Aubert LEMELAND (1932-2010)
Symphony No. 9, Op. 168 (1997) [21:02]
".....in ricordo Arturo Toscanini.....", Op. 183b for string orchestra [4:44]
Symphony No. 8 "In Memoriam", Op. 166 (1995) [21:22]
"Battle Pieces", Op. 174 for string orchestra and piano (2003) [12:58]
Jean-Pierre Ferey (piano)
Orquestra Nacional do Porto/Marc Tardue
rec. 2005, Skarbo Studios, Paris
SKARBO DSK3046 [60:27]
The French composer Aubert Lemeland (1932-2010) originated from Normandy and was prolific by any standards, with an oeuvre numbering over two-hundred works. Much of it has a commemorative tone, directed towards victims of war. He was a bit of an outsider, with a strong independent sense of purpose. He shunned serialism, which ruled musical life in Paris at the time, opting to tread a more tonally orientated course. His self-belief won out in the end and, in recent years, his music is beginning to garner recognition, support and admiration. In his student days, he professed a preference for the symphonic works of William Walton, Carlos Chávez, and Aaron Copland. A chance hearing of Prokofiev's Scythian Suite gave him a kick start to write his First Symphony (he ended up composing fourteen in all). The work was premiered by Michel Plasson and the Orchestre du Capitole de Toulouse in the summer of 1975.
Twenty years later in 1995 came his Symphony No. 8 "in Memoriam", Op. 183b. It's a single movement essay lasting just over twenty minutes and marked Largo. It was written in memory of the victims of World War 11. The mood is elegiac. The woodwinds set the scene with a threnody, mournful and desolate. Soon the strings enter and the music gains momentum with the addition of percussion and timpani. The world-weary scene reminds me of one of the more severe Paul Nash landscapes. Lemeland does, on occasion, offer some brief moments of tender reminiscence.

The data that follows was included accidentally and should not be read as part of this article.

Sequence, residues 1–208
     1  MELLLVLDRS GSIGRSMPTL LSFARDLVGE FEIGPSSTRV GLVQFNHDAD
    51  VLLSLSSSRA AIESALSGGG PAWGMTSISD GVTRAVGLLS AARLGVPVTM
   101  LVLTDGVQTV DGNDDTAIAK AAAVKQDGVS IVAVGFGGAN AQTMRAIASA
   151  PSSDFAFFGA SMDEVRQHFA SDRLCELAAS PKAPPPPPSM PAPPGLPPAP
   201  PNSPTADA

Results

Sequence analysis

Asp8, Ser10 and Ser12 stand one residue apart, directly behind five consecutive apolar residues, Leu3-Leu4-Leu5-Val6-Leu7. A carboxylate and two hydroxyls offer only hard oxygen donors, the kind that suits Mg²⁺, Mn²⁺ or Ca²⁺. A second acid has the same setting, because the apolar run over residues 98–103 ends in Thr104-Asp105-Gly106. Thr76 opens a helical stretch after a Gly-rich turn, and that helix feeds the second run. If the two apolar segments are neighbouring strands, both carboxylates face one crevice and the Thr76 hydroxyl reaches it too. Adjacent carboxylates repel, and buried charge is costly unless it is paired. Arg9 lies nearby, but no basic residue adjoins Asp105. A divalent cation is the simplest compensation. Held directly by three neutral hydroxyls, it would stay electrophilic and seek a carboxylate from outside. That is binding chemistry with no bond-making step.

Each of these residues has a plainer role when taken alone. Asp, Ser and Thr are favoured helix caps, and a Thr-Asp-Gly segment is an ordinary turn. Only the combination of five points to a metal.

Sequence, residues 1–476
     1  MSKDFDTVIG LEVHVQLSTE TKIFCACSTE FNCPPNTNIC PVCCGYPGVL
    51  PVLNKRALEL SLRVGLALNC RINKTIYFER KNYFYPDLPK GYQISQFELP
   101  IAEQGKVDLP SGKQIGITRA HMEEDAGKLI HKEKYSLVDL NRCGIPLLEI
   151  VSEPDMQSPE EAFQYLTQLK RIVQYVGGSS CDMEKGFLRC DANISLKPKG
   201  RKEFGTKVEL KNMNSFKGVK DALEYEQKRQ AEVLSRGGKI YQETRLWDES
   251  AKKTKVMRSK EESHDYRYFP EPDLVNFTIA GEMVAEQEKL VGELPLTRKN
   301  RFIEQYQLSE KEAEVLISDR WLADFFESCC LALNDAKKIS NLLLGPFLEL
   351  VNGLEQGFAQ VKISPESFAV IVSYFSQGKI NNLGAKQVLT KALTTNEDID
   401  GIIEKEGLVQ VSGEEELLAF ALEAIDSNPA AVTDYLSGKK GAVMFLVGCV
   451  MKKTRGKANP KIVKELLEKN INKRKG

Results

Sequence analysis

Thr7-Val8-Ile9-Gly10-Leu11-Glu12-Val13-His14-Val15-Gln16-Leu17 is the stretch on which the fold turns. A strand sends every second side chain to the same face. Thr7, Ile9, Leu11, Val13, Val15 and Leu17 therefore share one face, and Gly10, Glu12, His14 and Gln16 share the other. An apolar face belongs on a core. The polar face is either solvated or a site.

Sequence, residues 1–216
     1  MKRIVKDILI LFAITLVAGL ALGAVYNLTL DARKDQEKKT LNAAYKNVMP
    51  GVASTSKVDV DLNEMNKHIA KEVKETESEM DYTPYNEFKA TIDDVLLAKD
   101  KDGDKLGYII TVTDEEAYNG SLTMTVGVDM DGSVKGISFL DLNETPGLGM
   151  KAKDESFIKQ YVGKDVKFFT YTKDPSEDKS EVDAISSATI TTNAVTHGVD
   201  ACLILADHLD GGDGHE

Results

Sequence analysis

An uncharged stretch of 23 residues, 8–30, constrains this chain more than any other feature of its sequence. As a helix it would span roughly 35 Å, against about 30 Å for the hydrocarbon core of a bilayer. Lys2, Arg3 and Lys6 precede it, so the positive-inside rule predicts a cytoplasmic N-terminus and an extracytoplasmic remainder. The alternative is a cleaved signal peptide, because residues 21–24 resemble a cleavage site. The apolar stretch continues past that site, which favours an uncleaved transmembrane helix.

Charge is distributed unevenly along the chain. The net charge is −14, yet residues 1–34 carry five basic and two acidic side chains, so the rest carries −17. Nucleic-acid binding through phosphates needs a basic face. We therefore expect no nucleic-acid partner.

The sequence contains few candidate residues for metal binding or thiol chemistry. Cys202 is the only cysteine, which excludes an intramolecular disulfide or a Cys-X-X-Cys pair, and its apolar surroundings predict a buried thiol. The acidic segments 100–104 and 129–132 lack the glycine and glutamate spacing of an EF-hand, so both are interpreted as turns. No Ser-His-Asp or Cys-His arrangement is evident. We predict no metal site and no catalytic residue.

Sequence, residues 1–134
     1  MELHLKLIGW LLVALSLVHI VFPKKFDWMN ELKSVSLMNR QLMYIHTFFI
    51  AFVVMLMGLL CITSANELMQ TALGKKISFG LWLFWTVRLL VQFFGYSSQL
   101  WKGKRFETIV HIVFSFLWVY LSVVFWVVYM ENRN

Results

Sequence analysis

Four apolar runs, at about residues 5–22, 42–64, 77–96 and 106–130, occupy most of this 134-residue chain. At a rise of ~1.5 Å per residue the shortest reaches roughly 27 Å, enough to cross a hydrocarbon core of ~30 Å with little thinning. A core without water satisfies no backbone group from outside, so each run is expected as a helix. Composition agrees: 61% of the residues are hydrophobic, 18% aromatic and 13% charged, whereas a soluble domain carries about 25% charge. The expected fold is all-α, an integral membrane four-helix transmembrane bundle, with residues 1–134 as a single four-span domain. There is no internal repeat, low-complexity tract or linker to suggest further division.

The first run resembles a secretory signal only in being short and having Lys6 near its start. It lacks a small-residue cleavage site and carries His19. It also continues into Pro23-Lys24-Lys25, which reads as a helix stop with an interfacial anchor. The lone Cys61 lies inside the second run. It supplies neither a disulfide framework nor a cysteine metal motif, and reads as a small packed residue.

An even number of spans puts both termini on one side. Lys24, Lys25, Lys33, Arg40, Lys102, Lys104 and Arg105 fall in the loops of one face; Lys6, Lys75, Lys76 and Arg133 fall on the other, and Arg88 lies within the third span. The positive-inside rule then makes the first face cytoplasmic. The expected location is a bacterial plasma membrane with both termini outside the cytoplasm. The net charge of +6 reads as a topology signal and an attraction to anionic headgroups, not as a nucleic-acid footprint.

The other commemorative work is the "Battle Pieces", Op. 174 for string orchestra and piano of 2003. It was a commission from Radio France, who premiered it in May of that same year. The title refers to a collection of poems by Herman Melville, penned during the American Civil war. Lemeland doesn't draw directly from these, but from poems by American soldiers written between 1942-1945. The solo piano, which assumes a cameo role, is played by Jean-Pierre Ferey. Three of the pieces are sombre and reflective and can be termed elegies, whilst the third and fifth move along more swiftly and offer an element of contrast.
".....in ricordo Arturo Toscanini.....", Op. 183b for string orchestra is a brief thoughtful reflection on the great Italian maestro. The idea sprang from a visit the composer made to the Largo Toscanini, a square in Milan, where there's a commemorative plaque.
The 9th Symphony was a commission by the Orchestre du Capitole de Toulouse, who premiered it under the direction of Michel Plasson. Lemeland described it as the most tonal of his symphonies. Two animated movements bookend a central Largo con espressione. The opening movement bustles with unremitting energy. Beguiling lyricism sums up the slow movement, whilst the finale is notable for its verve and vigour.
The Orquestra Nacional do Porto, under Marc Tardue, offer convincing performances of these attractive scores. They’ve been captured throughout in superb sound. On the evidence, Lemeland is a composer well-deserving of more recognition.